Integration or Individualization? In Social, The Answer Is Both

Reading Time: 2 Minutes

Building an audience on any social-network platform requires a significant investment in both time and money. Establishing a presence, creating a voice and deploying paid advertising to activate your audience requires focus. But with billions of consumers spending more and more of their time in these environments, it is not a question of “if” to invest, it is a question of “how much” and “into how many platforms?”

The social-media landscape is expanding at the speed of light, yet diverging in every direction. Each of the major platforms is their own expanding universes, and with the birth of new social ecosystems every day, audiences are constantly migrating in search of new experiences. Raise your hand if you had heard of WhatsApp before last month’s acquisition announcement.

While the resulting fragmentation presents an increasing level of difficulty for marketers to reach their core target audiences, the variety of social-network platforms is also providing marketers with an entirely new set of opportunities. Each of these platform is evolving to meet a very specific consumer need. Since most of the advertising executions are “native” to each platform and unique to their consumer experience, the marketer is able to creatively develop strategies with these various experiences in mind.

With the individual nature of each social network and their complexities, how do brands create media strategies that can be applied across multiple platforms?  What are the best ways to manage it all?

The new reality is, in order to maximize reach against a target audience, marketers need a paid media presence across multiple social networks. But while marketers should take an integrated approach, the biggest gains can be had in maximizing each networks’ individual marketing opportunities.  In some ways this might sound contradictory, but technology is enabling both “integration” and “individualization.” A unified media strategy with consistent marketing objectives and performance metrics which is executed across multiple disparate social platforms which have virtually no commonality.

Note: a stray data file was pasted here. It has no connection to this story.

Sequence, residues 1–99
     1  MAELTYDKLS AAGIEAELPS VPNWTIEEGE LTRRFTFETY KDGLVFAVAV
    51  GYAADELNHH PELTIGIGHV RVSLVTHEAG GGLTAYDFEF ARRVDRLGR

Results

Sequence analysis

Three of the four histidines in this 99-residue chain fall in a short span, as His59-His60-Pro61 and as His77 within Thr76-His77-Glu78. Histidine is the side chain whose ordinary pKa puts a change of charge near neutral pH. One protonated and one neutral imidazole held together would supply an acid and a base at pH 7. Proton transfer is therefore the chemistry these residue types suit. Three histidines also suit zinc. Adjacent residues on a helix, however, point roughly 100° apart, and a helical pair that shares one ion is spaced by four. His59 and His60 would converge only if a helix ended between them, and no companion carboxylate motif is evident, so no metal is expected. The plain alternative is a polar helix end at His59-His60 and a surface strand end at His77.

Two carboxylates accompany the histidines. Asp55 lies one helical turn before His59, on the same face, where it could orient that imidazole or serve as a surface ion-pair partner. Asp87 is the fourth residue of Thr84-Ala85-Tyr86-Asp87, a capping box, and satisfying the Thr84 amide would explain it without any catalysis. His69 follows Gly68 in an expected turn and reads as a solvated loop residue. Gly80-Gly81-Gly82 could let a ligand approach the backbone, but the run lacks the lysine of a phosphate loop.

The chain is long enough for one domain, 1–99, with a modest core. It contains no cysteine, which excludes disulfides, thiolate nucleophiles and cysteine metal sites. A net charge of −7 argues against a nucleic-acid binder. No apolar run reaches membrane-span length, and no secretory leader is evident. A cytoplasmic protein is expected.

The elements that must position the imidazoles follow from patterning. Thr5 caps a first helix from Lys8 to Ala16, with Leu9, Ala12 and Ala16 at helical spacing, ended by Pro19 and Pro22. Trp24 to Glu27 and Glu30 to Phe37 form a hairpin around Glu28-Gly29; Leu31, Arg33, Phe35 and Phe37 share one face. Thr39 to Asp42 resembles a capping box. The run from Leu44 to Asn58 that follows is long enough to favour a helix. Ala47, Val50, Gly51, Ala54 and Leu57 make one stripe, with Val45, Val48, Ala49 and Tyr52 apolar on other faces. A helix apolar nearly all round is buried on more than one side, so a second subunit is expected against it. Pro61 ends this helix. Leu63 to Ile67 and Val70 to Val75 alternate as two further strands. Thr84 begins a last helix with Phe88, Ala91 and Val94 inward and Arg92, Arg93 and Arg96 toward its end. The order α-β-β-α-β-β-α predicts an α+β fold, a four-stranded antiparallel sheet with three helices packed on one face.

Some artistry comes into play when developing this “unified strategy.”  This does not mean trying to apply the same strategy to each platform.  Nor does it mean attempting to make one creative approach fit across multiple platforms.  Brands should be doing exactly the opposite. A very different set of tactics can and should be employed with each individual platform as a way to exploit the unique opportunities that each has to offer.

The unification is realized at the highest layers; who is the core audience whom the brand wishes to engage across their integrated effort? What is the primary marketing objective? Is the goal to increase awareness, drive engagement, generate sales, etc?  Through advanced audience modeling and targeting, as well as full-funnel measurement solutions, much of this unification can also be accomplished through technology.

This is no trivial marketing challenge.  Deploying a simultaneously “integrated” and “individualized” social marketing strategy requires sophisticated technology and a deep understanding of each social network, as well as strategic and executional cunning.  But the results of a well executed cross-network advertising campaign are extremely powerful and have been proven to drive business results as effectively as any other marketing activity.

The original article can be found on MediaPost.